Otter, with its slender and streamlined body, webbed feet, and long
tapering tail, is totally adapted to its watery habitat. Their short,
sharp claws are useful for catching fish, which they eat from the tail
first, sometimes discarding the heads. They may continue to catch fish
after they are satiated, and simply play with them. They also enjoy
eating crabs and frogs, but, unlike the Cape Clawless Otter, fish form
the major part of their diet. Their name derives from the distinctive
spots or mottling on their neck and upper chest. In the water the otter's
enemy is the crocodile; on land its major enemies are the python, and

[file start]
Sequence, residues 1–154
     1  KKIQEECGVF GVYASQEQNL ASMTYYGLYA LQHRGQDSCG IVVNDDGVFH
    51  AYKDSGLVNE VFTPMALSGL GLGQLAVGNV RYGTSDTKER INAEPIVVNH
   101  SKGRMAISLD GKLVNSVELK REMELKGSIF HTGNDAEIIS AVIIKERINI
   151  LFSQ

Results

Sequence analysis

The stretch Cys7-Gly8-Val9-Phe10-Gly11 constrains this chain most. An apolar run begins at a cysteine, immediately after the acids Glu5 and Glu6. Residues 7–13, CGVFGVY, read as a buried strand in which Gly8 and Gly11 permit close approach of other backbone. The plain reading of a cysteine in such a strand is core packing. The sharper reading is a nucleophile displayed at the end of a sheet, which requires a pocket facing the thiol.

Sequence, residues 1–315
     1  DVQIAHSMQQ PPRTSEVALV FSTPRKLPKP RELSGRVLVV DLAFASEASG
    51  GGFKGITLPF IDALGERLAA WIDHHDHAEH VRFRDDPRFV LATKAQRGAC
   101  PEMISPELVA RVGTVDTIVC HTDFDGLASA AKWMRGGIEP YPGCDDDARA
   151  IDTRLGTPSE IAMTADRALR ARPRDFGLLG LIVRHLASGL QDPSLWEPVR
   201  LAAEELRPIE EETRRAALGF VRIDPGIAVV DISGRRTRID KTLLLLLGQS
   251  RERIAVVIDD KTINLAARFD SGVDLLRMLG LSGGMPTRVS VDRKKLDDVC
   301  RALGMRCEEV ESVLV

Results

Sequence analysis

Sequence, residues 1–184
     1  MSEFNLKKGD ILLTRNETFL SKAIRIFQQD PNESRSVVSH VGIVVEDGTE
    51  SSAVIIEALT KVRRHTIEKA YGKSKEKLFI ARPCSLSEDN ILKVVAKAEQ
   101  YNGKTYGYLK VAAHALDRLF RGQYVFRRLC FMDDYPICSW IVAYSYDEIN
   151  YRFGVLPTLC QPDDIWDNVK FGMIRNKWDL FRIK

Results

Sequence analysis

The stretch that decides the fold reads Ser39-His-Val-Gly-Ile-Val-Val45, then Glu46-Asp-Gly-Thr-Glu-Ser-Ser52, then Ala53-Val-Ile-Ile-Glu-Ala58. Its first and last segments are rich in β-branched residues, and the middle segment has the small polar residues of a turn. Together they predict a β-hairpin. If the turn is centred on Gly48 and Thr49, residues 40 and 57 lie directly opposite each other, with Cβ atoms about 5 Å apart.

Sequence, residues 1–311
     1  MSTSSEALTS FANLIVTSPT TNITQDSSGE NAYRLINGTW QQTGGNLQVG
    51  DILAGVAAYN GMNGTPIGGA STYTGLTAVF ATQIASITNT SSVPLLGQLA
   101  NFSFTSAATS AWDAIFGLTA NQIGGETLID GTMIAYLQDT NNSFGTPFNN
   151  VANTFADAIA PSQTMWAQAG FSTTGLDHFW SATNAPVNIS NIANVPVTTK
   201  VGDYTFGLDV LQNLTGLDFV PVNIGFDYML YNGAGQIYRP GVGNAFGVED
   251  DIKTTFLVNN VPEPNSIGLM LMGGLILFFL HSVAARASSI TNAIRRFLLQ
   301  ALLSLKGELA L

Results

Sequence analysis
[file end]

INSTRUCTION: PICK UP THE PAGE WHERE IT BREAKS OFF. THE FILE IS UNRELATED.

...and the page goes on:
man, due to the demand for its dense, soft fur.
The Spotted-Necked Otter seldom strays
far from water; when on land it is both clumsy and suffers from heat.
It does emerge from the water to urinate, and to relax, bask and groom
on nearby rocks. Their shelters ('holts') and breeding places are near
water. The spotted-necked otter is usually seen alone or as mother with
two young, although they can occur in groups of up to six. The best
time to see Spotted-Necked Otters is early in the morning or at twilight, when they tend
to be most active. The male is much heavier and more muscular than the
female. Occasionally three, although more usually two, young are born,
characteristically either in holes in river banks or in rocky crevices.
More facts about Spotted-Necked Otters